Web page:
Communications Engineering - Project Description
Distributed Information Bottleneck Compression
The Internet of Things is an often-sought-after vision of a fully connected world in which not only people but also machines communicate with each other. Through this connectivity, a new degree of digitization and automation of industrial processes and services shall emerge often denoted as Industry 4.0. Thereby, the Internet of Things is not confined to smart factories or smart cities. In general, also spatially distributed applications such as smart agriculture, the monitoring of logistics chains (asset tracking), and maritime applications can benefit from the Internet of Things. However, in maritime applications as well as in very rural areas, traditional cellular networks often cannot meet the latency, coverage and data rates requirements. Therefore, the so-called satellite IoT has been discussed which leverages skylink constellations. This idea gained practical relevance with the development of so-called Cube Sats. Cube Sats are very small, not very powerful but very cheap satellites. Therefore, they cannot effort sophisticated signal processing but are restricted to simple operations.
The main goal of this proposal is the optimization of distributed compression under individual rate constraints. Consider a process that is scanned by several sensors forwarding their measurements to a common receiver. A direct communication between the sensors is not allowed. Due to capacity limitations of the forward links, the measured signals have to be locally compressed at the sensors such that
- all rate constraints of the forward links are fulfilled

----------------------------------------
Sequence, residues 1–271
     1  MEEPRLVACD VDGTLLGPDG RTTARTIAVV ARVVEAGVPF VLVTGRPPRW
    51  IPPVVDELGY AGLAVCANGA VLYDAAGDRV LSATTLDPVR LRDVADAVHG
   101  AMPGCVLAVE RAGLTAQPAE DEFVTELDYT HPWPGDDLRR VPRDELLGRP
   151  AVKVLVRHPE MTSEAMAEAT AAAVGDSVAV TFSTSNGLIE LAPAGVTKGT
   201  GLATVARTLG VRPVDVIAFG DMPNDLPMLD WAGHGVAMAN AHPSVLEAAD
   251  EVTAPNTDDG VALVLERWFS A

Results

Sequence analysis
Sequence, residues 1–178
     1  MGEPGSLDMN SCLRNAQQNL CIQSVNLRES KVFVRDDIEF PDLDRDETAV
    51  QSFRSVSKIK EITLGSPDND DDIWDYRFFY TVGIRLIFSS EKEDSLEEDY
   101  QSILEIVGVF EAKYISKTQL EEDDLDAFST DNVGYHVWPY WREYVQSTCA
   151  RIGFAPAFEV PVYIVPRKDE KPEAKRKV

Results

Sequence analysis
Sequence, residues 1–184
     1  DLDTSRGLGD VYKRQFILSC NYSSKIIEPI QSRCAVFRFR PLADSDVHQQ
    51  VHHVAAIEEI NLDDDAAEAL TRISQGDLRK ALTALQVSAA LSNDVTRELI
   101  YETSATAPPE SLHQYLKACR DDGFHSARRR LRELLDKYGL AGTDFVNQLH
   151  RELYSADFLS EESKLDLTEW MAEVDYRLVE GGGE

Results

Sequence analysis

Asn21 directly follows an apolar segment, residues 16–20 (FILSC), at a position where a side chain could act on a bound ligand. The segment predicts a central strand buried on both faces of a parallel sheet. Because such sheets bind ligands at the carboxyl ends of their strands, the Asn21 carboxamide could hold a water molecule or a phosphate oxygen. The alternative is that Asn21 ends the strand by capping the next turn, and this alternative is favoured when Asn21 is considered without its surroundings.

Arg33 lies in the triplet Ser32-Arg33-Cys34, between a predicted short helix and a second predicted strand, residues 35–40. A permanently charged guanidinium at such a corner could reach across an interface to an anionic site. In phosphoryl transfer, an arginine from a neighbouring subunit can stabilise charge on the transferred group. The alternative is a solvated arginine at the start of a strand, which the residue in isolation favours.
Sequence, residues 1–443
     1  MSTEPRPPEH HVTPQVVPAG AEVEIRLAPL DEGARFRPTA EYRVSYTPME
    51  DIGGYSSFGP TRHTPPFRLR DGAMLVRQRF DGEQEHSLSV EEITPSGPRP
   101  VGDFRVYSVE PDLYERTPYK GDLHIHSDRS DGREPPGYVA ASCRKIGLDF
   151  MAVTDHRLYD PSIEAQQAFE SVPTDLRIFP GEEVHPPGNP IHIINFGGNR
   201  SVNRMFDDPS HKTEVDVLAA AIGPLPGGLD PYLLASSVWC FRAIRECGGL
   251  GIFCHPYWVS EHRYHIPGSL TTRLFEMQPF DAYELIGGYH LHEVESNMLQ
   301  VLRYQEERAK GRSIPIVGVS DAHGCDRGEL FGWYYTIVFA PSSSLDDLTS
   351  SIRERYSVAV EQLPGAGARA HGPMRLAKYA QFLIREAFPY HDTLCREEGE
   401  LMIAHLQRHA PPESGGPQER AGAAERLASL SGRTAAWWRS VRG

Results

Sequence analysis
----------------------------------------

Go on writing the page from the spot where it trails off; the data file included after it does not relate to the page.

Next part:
- and a maximum overall relevant information about the process is preserved.
This scenario is known in information theory as the Chief Execution Officer (CEO) problem. Although it has been investigated for decades, only partial solutions have been found.
In this project, we want to develop algorithms for finding feasible solutions of the CEO problem. Using the logarithmic loss function as a distortion measure, the optimization problem can be formulated as a distributed version of the Information Bottleneck problem. Based on this principle, we want to derive solutions and compare them with simple scalar quantization or the vector quantization. The influence of the number of sensors, the loss due to non-cooperative distributed compression, the influence of the optimization order and other aspects will be investigated. Moreover, the robustness with respect to imperfect system knowledge will be analyzed.
Optimization of Distributed Quantizers Using An Alternating Information Bottleneck Approach. Workshop on Smart Antennas, Vienna, Austria, 2019